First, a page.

The challenge of Article 50


untitled (21)The only way for a nation state to leave the European Union is by enacting article 50 of the Lisbon Treaty. Widespread expectation in the UK prior to Friday was that this would be enacted on Friday assuming we voted to leave, as much because of the way in which the Brexit camp presented the day as being the first working day after what some of them called Independence day. However David Cameron and some of his Government colleagues made it clear that they had other ideas and they did not plan for this to happen on Friday or indeed any time soon, indeed some commentators have suggested this may never happen. As we have heard in our news the EU leaders have called on the UK to enact this as soon as possible. However this may be easier said than done.

Article 50
1. Any Member State may decide to withdraw from the Union in accordance with its own constitutional requirements.

There is no other way out, even if all 27 current members voted for us to be thrown out, that would have no impact. The problem is that our own constitution is a great deal less clear than might be assumed, and famously is not written down. It is partly because of this lack of clarity that on 4th May the House of Lords, European Union Committee published a document titled “The process of withdrawing from the European Union” As part of the process of preparing this document the Committee spoke to two experts, one of whom was Sir David Edward, a former Judge of the Court of Justice of the European Union and Professor Emeritus at the School of Law, University of Edinburgh. He is mentioned in paragraph 70 of the document:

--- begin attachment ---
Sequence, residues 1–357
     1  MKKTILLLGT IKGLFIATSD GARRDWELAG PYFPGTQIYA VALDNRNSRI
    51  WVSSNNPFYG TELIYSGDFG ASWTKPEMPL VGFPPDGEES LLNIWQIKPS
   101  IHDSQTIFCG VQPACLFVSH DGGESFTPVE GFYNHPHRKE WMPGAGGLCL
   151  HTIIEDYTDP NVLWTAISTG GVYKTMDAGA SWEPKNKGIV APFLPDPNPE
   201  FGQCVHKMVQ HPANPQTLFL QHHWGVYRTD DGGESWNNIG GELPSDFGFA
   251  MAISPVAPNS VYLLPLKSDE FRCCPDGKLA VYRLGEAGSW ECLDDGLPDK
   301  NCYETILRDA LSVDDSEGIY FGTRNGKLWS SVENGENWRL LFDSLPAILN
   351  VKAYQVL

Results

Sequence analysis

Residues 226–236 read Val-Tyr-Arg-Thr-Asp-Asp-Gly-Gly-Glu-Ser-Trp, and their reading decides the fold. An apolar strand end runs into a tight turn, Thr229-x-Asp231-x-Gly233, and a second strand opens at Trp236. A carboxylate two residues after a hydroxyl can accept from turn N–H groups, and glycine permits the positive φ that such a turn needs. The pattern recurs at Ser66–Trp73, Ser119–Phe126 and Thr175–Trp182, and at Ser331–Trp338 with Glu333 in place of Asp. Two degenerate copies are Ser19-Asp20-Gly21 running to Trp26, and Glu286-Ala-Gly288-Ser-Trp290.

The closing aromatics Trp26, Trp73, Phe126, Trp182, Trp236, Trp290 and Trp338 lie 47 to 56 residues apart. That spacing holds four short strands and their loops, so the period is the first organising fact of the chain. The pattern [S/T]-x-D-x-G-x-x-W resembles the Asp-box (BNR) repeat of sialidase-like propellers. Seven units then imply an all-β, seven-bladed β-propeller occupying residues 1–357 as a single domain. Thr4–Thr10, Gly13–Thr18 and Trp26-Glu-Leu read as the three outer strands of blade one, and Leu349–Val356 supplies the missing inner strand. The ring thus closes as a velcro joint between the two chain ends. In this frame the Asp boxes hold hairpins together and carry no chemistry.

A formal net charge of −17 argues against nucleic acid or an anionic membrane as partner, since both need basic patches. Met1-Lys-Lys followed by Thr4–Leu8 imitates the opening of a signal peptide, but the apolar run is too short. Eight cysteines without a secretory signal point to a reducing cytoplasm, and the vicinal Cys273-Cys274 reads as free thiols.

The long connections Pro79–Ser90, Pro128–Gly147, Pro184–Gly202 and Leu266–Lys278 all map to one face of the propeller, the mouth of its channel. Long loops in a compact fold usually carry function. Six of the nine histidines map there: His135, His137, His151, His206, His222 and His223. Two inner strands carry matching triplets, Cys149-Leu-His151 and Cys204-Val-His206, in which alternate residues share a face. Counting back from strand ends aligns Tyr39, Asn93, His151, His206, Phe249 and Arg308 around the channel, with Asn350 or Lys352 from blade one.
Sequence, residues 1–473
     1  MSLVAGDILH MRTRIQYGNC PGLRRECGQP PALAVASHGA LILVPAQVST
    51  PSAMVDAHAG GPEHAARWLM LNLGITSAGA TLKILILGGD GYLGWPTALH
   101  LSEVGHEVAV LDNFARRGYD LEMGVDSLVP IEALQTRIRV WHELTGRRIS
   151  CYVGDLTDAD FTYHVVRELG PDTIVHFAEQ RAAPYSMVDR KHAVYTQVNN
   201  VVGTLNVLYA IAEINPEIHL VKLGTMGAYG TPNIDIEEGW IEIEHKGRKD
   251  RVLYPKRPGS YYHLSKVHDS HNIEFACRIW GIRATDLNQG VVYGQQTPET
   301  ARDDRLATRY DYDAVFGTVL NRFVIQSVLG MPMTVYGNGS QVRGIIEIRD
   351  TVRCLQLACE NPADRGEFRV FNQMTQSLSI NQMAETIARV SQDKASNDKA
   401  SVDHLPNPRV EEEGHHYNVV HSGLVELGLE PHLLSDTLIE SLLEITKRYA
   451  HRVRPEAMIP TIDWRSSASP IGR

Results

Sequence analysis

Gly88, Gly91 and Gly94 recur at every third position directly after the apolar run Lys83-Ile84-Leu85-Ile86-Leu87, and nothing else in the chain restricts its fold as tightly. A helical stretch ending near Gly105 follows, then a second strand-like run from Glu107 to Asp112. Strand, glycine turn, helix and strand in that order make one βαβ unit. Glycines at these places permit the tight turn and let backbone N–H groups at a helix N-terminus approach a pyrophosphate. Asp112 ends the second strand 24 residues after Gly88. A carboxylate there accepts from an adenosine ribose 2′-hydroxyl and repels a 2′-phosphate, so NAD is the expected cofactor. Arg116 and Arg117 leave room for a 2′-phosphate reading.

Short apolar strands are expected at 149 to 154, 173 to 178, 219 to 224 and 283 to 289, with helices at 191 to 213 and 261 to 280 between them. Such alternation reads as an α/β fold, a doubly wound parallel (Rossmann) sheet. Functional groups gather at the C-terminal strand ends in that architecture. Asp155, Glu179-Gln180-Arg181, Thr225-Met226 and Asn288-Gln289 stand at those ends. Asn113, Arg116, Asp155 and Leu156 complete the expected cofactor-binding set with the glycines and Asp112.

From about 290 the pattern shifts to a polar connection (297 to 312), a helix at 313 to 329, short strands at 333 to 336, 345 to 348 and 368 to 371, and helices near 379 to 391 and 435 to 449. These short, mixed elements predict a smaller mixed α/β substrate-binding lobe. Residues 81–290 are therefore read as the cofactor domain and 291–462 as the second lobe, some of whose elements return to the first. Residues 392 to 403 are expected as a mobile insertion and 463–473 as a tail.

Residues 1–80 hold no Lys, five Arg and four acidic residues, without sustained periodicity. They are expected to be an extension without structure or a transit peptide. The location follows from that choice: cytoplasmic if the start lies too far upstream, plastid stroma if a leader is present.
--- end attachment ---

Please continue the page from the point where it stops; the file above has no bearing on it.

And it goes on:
The role of the devolved legislatures in implementing the withdrawal agreement

70. We asked Sir David whether he thought the Scottish Parliament would have to give its consent to measures extinguishing the application of EU law in Scotland. He noted that such measures would entail amendment of section 29 of the Scotland Act 1998, which binds the Scottish Parliament to act in a manner compatible with EU law, and he therefore believed that the Scottish Parliament’s consent would be required. He could envisage certain political advantages being drawn from not giving consent.

It is clearly far too early to make sense of what this means for a Government that appears to be in melt down, with an impoverished opposition. However this seems to be at the heart of why Nicola Sturgeon is seen as something of an article breaker or maker. Her willingness and that of the Scottish Parliament to consent to article 5o being enacted seems unlikely. So where does that leave us?

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About ianchisnall